nations declare war on a noun, writers become combatants whether they like it or not. I
believe in the effectiveness of persuasion rather than coercion, so I felt that it ought to be
possible to use words, rather than heavy ordnance, to effect attitude change on both sides
of a war that seemed insane to me, both in its conception and in its execution. ‘Incendi-
ary’ was my attempt at that persuasion. My objective was to prove, giving examples and
showing my working, the sanctity of human life on both sides of the conflict. Maybe it
was a naive aim, and certainly my execution was imperfect. All I can say is that it seemed
extremely urgent to me, so I didn’t spare myself until it was done. I probably pushed
myself too hard—I had some health problems afterwards – but I’m still proud of the book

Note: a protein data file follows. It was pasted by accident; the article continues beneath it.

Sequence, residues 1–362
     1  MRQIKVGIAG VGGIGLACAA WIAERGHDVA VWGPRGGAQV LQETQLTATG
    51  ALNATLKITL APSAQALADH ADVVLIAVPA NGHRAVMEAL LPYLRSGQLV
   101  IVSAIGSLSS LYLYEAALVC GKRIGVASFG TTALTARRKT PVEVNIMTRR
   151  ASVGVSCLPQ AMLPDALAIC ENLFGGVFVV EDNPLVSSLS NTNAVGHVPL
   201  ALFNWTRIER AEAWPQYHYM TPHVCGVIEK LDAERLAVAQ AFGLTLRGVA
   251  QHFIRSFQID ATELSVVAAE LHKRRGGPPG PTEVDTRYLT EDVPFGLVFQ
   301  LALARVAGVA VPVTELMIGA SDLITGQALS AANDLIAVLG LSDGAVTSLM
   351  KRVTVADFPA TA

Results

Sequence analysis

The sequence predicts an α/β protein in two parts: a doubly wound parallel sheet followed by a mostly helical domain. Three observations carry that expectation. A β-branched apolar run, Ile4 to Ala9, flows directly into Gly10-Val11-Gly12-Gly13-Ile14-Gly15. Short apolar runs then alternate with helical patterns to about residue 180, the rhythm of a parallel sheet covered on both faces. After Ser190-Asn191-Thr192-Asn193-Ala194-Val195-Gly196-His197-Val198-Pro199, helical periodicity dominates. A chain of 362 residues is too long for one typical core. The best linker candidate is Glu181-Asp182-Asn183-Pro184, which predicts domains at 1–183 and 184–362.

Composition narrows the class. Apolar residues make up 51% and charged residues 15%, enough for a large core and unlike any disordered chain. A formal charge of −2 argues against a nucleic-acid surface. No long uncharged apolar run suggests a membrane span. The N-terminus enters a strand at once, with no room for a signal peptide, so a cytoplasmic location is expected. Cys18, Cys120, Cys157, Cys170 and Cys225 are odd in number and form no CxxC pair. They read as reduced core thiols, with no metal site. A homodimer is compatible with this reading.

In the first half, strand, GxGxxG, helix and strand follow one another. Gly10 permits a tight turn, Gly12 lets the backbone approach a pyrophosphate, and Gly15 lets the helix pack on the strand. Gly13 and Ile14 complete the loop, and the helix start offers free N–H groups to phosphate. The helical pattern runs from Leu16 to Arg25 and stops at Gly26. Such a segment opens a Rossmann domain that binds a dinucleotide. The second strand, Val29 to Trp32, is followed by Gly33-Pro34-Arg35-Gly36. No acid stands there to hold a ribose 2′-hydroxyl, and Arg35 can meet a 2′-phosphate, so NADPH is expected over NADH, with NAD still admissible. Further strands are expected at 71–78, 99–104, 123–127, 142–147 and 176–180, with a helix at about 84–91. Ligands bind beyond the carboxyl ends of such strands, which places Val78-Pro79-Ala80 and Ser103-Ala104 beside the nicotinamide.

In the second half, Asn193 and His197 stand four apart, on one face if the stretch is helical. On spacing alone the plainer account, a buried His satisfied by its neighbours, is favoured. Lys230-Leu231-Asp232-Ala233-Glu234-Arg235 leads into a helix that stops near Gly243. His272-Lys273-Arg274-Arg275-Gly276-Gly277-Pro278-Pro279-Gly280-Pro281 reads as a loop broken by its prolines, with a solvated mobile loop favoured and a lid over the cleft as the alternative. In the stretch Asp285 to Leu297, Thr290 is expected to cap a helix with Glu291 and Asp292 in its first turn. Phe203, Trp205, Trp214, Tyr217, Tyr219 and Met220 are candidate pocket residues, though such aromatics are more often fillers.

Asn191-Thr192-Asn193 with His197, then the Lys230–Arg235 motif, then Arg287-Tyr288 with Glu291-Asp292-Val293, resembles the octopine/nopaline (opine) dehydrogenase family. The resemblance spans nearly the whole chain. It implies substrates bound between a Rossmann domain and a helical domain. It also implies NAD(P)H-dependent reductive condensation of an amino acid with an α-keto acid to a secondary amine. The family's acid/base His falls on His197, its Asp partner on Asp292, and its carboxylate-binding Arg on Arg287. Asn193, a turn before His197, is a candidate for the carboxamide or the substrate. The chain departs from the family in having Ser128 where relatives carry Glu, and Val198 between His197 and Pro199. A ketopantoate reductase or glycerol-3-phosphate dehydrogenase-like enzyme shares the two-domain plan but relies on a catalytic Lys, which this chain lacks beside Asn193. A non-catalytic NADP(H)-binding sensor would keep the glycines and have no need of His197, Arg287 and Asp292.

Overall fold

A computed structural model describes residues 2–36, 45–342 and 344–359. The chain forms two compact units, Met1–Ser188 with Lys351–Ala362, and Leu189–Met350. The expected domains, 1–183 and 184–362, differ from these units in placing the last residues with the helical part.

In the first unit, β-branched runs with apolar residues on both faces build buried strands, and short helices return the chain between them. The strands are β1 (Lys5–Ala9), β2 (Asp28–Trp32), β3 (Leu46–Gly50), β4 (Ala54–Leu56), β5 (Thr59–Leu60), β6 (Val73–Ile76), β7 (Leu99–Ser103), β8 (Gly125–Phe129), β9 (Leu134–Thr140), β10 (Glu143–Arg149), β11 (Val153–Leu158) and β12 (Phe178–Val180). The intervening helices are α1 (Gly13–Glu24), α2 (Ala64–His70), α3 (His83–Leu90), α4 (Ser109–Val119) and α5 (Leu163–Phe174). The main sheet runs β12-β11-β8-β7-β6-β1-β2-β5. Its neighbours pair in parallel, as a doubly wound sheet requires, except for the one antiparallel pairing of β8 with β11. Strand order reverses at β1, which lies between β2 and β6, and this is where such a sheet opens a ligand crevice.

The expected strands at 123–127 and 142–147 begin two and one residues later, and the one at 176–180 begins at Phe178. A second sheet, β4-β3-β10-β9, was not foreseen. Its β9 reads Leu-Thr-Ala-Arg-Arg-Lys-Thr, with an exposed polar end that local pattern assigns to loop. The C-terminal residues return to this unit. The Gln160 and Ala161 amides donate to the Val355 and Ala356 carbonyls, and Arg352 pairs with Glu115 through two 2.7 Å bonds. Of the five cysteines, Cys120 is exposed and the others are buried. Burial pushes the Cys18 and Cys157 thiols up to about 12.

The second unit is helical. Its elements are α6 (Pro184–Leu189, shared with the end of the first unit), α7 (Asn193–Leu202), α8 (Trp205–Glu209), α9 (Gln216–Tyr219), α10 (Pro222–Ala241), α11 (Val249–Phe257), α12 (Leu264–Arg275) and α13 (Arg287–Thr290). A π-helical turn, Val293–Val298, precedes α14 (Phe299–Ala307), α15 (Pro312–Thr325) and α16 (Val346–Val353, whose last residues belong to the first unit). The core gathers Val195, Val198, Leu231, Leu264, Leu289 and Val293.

and the intent behind it. I’m glad I managed to raise my hand at the time the War Against
Terror was being waged and to say: “Excuse me, but this is insane.”
The publication of Incendiary in Britain on July 7, 2005, coincided with a series of
coordinated terrorist attacks on mass transportation in London. How did this eerie
accident of timing impact you personally and professionally?
I still think about the coincidence but I no longer comment on it, for the simple reason
that 56 people died on that day and hundreds more were injured, which means that 7/7 is
their day and not mine.
How did the pandemonium you envisioned in Incendiary (mass panic, public cur-
fews, racial discrimination backlash, etc.) compare to the aftermath of the actual
July 7, 2005, bombings in London?
Despite the difference of two orders of magnitude between the scale of my imagined at-
tack and the scale of the real attacks of 7/7, people are fond of telling me that I wrongly
predicted Britain’s reaction to a terrorist atrocity. The prevalent view now is that Britain’s
response to 7/7 was stoical and reminiscent of the spirit of the Blitz, during which a shell-
shocked London refused to buckle under the Luftwaffe’s nightly bombing raids. After 7/7,